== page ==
This follows growing calls for regime members to be prosecuted for their role in these crimes against humanity.
The executions were carried out on the orders of the then-supreme leader Ayatollah Khomeini.
The regime then set up Death Commissions throughout the country to oversee the murders and ensure that the prisoners were buried in unmarked mass graves.
On September 6, The National Council of Resistance of Iran (NCRI) held a press conference to publicise the names of those responsible for the murders.
Mohammad Mohaddessin, chair of the foreign affairs committee of the NCRI, said: “[The UN must] take the necessary steps to bring the perpetrators of this great crime to justice… The impunity must end. Inaction in the face of this crime has not only led to further executions in Iran but has also encouraged the regime to spread its crimes to Syria, Iraq and other countries of the region.”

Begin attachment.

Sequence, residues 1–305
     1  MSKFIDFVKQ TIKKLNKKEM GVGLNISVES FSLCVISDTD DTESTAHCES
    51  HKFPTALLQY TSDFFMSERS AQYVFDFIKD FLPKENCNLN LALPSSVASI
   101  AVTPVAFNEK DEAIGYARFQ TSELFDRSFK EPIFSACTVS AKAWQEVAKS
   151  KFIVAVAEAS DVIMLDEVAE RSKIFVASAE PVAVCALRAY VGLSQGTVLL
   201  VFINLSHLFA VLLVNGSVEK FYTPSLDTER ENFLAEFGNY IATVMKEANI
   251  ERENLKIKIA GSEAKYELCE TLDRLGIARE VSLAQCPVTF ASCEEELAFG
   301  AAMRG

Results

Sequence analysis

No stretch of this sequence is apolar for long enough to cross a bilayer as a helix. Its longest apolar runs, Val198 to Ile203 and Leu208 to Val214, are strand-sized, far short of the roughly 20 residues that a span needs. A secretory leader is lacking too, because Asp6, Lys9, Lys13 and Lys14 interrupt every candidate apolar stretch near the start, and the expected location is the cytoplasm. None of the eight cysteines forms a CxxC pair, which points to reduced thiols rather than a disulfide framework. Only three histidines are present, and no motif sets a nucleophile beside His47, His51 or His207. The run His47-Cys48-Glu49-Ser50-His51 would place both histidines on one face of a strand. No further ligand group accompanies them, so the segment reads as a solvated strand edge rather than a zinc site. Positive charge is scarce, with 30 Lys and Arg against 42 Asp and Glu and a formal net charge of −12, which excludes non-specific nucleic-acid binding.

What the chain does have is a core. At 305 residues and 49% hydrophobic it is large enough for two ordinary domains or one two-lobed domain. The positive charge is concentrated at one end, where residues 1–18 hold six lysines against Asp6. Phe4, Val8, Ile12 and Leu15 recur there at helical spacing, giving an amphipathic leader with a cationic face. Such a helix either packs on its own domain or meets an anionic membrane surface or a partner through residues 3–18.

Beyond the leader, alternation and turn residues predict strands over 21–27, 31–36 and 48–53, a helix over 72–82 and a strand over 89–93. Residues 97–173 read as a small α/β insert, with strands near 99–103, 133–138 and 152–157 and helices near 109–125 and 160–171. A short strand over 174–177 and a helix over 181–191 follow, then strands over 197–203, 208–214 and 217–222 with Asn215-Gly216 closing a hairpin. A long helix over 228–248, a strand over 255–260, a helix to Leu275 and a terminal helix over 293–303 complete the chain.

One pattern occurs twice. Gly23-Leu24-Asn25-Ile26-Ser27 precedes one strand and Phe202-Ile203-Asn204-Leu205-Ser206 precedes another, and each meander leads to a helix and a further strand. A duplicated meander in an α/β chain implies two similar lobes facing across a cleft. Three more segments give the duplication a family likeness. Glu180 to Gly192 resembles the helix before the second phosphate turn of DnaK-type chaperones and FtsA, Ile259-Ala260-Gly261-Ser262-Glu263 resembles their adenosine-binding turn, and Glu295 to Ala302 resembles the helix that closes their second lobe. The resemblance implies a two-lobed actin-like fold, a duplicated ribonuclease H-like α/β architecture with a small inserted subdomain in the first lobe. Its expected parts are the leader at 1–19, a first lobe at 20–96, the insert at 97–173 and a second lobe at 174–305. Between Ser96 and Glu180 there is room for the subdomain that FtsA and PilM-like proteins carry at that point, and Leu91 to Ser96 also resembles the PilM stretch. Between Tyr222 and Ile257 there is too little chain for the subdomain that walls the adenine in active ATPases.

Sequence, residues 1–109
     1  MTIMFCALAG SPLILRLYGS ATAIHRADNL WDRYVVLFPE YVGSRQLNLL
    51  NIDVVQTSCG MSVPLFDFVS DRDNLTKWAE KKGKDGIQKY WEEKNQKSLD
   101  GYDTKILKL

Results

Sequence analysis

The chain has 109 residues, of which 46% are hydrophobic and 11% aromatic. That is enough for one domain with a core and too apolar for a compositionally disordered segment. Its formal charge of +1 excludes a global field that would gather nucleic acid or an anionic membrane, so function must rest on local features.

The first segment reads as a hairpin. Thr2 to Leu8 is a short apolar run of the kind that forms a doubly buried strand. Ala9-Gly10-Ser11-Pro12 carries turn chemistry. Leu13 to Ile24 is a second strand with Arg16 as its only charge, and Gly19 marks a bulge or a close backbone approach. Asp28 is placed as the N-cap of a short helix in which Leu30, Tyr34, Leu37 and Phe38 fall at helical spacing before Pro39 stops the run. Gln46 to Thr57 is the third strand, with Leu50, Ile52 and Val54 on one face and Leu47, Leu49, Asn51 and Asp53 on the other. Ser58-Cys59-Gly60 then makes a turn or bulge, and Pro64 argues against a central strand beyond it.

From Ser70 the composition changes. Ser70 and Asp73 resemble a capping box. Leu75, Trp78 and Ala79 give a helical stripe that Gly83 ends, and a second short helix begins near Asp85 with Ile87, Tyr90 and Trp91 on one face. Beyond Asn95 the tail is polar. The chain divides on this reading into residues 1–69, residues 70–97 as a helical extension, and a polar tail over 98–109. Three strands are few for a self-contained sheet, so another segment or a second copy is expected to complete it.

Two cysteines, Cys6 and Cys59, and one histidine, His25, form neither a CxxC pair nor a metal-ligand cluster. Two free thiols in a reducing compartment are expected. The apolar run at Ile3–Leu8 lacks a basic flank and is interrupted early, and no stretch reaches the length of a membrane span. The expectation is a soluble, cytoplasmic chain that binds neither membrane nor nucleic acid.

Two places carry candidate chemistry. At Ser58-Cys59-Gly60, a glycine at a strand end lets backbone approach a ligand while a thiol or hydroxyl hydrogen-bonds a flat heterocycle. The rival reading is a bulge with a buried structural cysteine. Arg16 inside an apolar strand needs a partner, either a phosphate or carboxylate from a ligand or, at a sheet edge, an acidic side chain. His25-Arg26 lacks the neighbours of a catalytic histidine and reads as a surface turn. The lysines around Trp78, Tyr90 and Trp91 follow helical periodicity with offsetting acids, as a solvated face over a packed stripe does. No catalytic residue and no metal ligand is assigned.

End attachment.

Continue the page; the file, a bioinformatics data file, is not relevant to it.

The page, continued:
He cited that nearly 3,000 executions have been carried out during the three-year reign of the ‘moderate’ President Rouhani; indeed, just a few weeks ago, on the anniversary of the massacre, Iran hung 25 Sunnis from Iranian Kurdistan en-masse in just one day.
Maryam Rajavi, the president-elect of the Iranian Resistance, has reiterated calls for those responsible for the massacre to face justice in an international court.
At a seminar for European-Iranian communities, she said: “Standing up to the violations of human rights in Iran is also the responsibility of Western governments because the consequences of this regime are not confined to Iran.”